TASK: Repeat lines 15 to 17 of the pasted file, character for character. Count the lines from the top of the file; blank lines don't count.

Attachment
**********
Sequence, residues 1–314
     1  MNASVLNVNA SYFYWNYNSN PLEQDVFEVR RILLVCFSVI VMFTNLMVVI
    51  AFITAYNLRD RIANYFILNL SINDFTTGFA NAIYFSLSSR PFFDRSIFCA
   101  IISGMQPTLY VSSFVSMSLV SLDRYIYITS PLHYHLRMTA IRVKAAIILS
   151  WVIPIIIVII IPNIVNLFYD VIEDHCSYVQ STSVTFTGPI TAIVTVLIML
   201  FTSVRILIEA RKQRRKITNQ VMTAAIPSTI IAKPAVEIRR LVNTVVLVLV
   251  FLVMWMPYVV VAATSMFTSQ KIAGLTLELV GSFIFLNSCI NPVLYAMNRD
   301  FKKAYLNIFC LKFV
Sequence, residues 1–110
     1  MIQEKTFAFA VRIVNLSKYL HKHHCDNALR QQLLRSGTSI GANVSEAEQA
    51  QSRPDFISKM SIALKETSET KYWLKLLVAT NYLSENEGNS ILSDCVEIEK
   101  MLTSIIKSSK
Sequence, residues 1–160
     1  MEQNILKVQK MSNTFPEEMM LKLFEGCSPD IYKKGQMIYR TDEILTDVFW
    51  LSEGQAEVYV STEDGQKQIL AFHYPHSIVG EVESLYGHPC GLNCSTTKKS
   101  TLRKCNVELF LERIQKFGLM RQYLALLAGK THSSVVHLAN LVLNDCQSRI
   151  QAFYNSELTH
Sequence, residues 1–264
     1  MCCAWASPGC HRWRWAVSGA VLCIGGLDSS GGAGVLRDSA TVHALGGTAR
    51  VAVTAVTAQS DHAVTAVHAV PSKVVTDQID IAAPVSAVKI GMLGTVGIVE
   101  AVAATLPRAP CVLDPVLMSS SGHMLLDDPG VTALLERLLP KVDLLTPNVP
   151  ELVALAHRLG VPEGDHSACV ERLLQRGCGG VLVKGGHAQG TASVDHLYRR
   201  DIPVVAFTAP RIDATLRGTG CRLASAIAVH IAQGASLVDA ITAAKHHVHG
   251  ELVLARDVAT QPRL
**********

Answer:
    51  LSEGQAEVYV STEDGQKQIL AFHYPHSIVG EVESLYGHPC GLNCSTTKKS
   101  TLRKCNVELF LERIQKFGLM RQYLALLAGK THSSVVHLAN LVLNDCQSRI
   151  QAFYNSELTH